The conclusion of a new study conducted by researchers at the University of Iowa determined that while autism patients have more cancer-related gene mutations, they are also at a lower risk of developing cancer.
According to Medical News Today, autism is a complex developmental disorder that will typically make itself known during the first three years of a person’s life. This is a condition that impacts a person’s social interaction and communication skills. Statistics show that 1 in 68 children have autism and a large percentage of them are boys.
Dr. Benjamin Darbro, leader of the study at the University of Iowa Carver College of Medicine, did note that the link between cancer and autism is not a new discovery. There has been previous research to confirm a link between the two.
“But what we’ve shown is that this overlap is much broader at the genetic level than previously known and that somehow it may translate into a lower risk of cancer.”
Dr. Benjamin Darbro believes the study team was able to dig a little deeper and learn more about the link between cancer and autism.
Medical News Today reported that the researchers analyzed the ARRA Autism Sequencing Collaboration’s exome sequencing data. This provided the researchers with a wealth of information on gene variation among autism patients.
The data was then compared to information available through the Exome Variant Server database, which houses data on gene variants for roughly 6,500 people who do not have autism.
The researchers discovered that people who have autism had richer, rare variants within the genes that have the potential to cause cancer. The enrichment was not concluded to be tumor suppressor genes, however.
Autism was linked to 94 percent lower cancer risk in children.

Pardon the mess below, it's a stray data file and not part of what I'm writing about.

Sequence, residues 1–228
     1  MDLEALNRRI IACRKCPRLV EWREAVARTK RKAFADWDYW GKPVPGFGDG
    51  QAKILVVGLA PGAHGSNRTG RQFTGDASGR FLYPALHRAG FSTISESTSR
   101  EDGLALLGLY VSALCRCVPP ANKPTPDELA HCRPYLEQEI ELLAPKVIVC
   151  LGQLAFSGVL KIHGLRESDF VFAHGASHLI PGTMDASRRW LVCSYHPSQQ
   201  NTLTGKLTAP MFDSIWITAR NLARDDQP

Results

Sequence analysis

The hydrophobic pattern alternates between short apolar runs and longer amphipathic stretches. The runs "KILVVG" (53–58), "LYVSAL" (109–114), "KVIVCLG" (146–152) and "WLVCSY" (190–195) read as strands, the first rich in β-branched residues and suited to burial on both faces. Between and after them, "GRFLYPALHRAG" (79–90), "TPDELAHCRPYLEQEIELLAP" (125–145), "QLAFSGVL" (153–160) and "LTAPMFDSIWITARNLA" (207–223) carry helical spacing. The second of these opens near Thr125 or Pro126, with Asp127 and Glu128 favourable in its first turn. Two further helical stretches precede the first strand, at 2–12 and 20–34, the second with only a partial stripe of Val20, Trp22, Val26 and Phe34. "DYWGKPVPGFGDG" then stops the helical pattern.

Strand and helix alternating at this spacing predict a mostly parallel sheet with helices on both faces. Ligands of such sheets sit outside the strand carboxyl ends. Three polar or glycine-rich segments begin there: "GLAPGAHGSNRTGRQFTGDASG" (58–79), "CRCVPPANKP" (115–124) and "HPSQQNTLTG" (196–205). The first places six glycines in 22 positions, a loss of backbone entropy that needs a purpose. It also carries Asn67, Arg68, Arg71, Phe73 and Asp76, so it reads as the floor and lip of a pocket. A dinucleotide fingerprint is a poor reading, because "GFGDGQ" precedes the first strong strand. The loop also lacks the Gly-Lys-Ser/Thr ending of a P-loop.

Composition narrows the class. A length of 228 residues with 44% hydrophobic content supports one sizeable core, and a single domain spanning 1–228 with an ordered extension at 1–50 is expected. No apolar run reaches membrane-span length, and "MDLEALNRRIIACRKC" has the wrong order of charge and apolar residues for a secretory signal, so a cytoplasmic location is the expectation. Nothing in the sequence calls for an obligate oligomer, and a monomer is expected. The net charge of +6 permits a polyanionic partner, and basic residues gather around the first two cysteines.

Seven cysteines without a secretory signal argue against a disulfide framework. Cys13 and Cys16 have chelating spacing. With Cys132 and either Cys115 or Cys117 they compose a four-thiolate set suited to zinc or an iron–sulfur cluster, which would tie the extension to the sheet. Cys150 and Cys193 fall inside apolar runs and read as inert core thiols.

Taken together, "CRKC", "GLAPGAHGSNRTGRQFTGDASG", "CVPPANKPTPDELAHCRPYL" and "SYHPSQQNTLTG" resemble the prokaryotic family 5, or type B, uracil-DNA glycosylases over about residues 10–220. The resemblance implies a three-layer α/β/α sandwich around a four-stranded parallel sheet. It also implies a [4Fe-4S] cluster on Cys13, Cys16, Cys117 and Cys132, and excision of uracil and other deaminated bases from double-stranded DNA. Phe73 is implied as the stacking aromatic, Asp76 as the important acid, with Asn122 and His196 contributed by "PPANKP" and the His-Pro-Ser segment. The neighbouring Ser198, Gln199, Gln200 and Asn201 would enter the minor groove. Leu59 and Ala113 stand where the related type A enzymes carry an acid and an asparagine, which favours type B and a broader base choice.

Dr. Darbro decided to try to use their data to find out more about the cancer risk among autism patients. Were they at a greater risk because of the genes?
They took a look at the electronic medical records of all of the patients at the hospitals and clinics of the University of Iowa. They found 1,837 patients with autism and 9,336 patients without it.
Next, they looked at the percentage of autism patients with cancer and discovered that these patients appear to be protected from the disease. They discovered that 1.3 percent of autism patients were diagnosed with cancer. This was compared to the 3.9 percent of patients who didn’t have autism and were diagnosed with cancer.
Their research revealed that children under the age of 14 who have autism appeared to be most protected from cancer. In fact, they have a 94 percent lower risk when compared to children who don’t have autism.
Researchers noted that the lack of other links suggests that the protectiveness of autism against cancer has nothing to do with a technical artifact. It is actually thanks to the genetic architecture of the condition.
“Perhaps the most exciting implication here is that already interventions are underway to target cellular pathways shared by many of the mutated genes examined in this study. Thus, drugs known to treat cancer might also treat autism spectrum disorders in the future.”
According to Science Daily, the findings of this research may reveal new ways to treat both autism and cancer in the future. For example, could the genetic variants that appear to protect individuals with autism against cancer be exploited to create a cancer treatment medication? Could the current cancer drugs that target genetic pathways be used to treat autism? Science Daily also reports that clinical trials are currently being conducted to determine whether or not there is a benefit to having autism patients take cancer medications.
[Image via Shutterstock]